In a win for the environment and anyone who doesn't like to be taken for a ride by false sustainability claims, the UN is cracking down on greenwashing. In a report issued Tuesday at the COP27 climate summit in Egypt, the organization laid out recommendations for how companies, financial institutions and cities must calculate their net zero status -- that is, how close they actually are to eliminating their greenhouse gas emissions.
Fudging net zero claims is a favored greenwashing strategy among companies. They will say they're carbon-free thanks to strategies including buying carbon credits, while simultaneously pursuing new fossil fuel projects and continuing to emit greenhouse gases. It makes them look like they're living up to their environmental responsibilities, while, in the words of UN Secretary General António Guterres, they're actually taking advantage of "loopholes wide enough to drive a diesel truck through."
But no more. The UN's report aims to close the loopholes by laying out 10 steps to bring integrity, transparency and accountability to net zero claims. They should help everyone better understand the true extent of the climate efforts being undertaken by companies, especially those claiming to be sustainability leaders.
"Using bogus 'net zero' pledges to cover up massive fossil fuel expansion is reprehensible," Guterres said Tuesday at COP27. "It is rank deception. This toxic coverup could push our world over the climate cliff. The sham must end."
In its report, which was drawn up over the past seven months by a panel of independent experts, the UN stipulated that companies can't claim to be net zero if they are not in line with targets set out by the agency's Intergovernmental Panel on Climate Change. These include cutting global emissions by 45% by 2030. The use of carbon offsets will not be allowed in the short term, and only sparingly in the long term.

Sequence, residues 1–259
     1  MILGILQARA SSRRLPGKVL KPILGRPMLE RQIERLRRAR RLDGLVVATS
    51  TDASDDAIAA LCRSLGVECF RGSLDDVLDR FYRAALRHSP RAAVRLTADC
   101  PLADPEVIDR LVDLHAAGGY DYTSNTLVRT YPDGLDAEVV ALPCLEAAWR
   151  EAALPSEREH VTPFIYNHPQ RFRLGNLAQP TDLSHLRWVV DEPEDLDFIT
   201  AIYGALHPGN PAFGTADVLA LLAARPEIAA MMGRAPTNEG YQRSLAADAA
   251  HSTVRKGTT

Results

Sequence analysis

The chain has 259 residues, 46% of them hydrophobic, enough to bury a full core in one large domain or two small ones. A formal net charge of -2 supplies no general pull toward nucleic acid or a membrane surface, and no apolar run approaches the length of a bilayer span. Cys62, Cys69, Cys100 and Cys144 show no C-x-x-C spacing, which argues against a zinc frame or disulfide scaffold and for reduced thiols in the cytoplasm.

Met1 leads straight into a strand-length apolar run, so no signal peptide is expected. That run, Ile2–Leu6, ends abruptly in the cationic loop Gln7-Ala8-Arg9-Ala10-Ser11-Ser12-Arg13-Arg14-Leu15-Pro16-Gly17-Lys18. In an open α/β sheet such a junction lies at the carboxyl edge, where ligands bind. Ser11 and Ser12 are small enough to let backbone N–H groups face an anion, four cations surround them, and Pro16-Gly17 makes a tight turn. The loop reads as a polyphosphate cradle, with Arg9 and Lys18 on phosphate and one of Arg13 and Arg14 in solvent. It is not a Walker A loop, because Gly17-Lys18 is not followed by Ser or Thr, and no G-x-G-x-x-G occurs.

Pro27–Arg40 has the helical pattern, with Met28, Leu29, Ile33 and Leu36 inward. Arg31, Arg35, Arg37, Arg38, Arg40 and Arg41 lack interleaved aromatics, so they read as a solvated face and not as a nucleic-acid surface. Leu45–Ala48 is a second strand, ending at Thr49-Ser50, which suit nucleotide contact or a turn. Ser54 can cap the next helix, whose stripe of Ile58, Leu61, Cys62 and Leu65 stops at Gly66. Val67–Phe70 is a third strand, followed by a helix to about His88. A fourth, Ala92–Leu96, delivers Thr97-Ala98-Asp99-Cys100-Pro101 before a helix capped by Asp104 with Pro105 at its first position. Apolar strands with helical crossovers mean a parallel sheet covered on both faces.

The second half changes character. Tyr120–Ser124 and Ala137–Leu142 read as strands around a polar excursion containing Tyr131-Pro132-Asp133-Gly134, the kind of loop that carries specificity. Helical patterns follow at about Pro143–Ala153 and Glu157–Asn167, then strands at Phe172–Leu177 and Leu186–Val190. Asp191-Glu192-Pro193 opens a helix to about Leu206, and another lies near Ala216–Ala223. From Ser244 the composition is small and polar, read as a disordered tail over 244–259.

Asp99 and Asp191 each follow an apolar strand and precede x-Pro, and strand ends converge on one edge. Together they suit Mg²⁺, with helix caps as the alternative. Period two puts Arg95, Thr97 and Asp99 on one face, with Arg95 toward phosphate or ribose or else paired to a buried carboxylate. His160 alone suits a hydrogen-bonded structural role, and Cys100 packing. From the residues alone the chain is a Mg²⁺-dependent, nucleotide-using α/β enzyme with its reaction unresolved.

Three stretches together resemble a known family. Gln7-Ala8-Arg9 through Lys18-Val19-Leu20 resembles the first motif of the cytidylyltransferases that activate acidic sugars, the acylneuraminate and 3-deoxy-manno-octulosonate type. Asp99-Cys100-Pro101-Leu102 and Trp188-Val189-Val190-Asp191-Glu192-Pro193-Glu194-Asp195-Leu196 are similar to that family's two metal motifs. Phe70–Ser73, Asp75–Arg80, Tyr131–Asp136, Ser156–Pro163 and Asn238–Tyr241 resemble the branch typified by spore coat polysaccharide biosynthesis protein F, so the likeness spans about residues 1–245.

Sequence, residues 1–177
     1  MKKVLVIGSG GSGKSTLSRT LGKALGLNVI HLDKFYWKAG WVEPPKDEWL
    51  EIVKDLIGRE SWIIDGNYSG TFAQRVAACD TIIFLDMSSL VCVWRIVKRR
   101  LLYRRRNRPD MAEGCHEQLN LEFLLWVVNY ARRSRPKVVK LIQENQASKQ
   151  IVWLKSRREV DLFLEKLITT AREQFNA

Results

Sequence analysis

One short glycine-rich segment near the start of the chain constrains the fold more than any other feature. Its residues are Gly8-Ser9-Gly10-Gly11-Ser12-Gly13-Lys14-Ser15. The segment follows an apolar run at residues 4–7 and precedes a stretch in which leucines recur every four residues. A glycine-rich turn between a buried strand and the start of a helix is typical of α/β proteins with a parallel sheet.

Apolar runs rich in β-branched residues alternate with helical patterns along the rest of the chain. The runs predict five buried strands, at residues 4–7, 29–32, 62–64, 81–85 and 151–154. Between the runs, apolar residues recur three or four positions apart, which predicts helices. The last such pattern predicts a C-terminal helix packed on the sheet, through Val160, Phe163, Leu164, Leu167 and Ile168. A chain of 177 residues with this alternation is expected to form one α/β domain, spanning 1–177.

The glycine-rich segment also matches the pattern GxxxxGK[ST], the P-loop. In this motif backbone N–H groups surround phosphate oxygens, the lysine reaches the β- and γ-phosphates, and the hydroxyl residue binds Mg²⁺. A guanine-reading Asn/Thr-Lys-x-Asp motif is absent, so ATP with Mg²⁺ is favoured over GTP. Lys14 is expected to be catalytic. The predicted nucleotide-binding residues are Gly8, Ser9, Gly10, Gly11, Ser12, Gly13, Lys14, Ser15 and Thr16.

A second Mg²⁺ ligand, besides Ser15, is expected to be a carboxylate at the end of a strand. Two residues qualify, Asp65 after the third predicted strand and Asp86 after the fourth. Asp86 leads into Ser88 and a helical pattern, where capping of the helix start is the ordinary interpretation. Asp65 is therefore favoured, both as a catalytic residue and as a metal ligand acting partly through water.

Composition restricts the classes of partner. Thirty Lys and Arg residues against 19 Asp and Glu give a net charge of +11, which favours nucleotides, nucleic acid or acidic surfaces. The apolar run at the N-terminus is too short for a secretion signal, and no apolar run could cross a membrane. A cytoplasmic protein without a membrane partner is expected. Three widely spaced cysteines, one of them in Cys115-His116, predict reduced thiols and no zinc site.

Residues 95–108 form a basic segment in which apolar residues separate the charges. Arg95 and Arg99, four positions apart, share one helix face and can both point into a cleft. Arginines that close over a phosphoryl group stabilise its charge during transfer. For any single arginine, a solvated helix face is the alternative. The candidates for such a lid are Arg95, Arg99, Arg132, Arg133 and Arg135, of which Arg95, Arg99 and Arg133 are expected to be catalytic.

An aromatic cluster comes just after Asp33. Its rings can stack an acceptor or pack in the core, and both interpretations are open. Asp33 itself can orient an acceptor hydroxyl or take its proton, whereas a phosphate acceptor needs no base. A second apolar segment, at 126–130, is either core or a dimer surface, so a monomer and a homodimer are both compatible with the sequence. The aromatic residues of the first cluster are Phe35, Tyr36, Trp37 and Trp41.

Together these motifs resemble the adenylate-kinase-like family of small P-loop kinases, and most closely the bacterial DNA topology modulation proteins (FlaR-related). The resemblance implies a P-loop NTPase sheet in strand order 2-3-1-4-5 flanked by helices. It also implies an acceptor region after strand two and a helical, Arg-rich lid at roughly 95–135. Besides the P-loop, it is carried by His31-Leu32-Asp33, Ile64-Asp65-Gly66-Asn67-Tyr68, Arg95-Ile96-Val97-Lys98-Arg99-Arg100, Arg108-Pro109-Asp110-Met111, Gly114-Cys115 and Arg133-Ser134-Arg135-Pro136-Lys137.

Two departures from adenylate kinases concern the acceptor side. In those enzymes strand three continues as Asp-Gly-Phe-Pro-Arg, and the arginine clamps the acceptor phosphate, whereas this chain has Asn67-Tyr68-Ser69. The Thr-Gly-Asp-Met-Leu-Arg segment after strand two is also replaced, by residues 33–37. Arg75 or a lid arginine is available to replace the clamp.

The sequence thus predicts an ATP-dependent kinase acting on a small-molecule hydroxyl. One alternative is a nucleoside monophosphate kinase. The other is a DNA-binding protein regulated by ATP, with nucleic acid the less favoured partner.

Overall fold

"This is about cutting emissions, not corners," said Catherine McKenna, chair of the UN expert group that assembled the report. "Our road map provides clear standards and criteria that must be followed when developing net zero commitments. Right now, the planet cannot afford delays, excuses or more greenwashing."
Companies must also present plans to transition to renewable energy alongside their emissions targets, which are to include details about how they will support workers currently in the fossil fuel industry. They will be duty-bound to publicly advocate for climate action and won't be allowed to fund lobbying for fossil fuels.
All existing voluntary net zero pledges must be revised by the first half of 2023 to fit in with the new requirements, Gutteres said. The report also recommended a move away from voluntary pledges and toward more regulation.
The report demonstrates the need for enforceable measures to prevent greenwashing, said Hana Heikenen, senior attorney at the Center for International Environmental Law in a statement. "Avoiding overshoot of 1.5 degrees Celsius requires deep emissions cuts now, and leaves no room for reliance on fossil fuel prolonging carbon capture and storage or other technofixes, which only delay needed climate action," she said.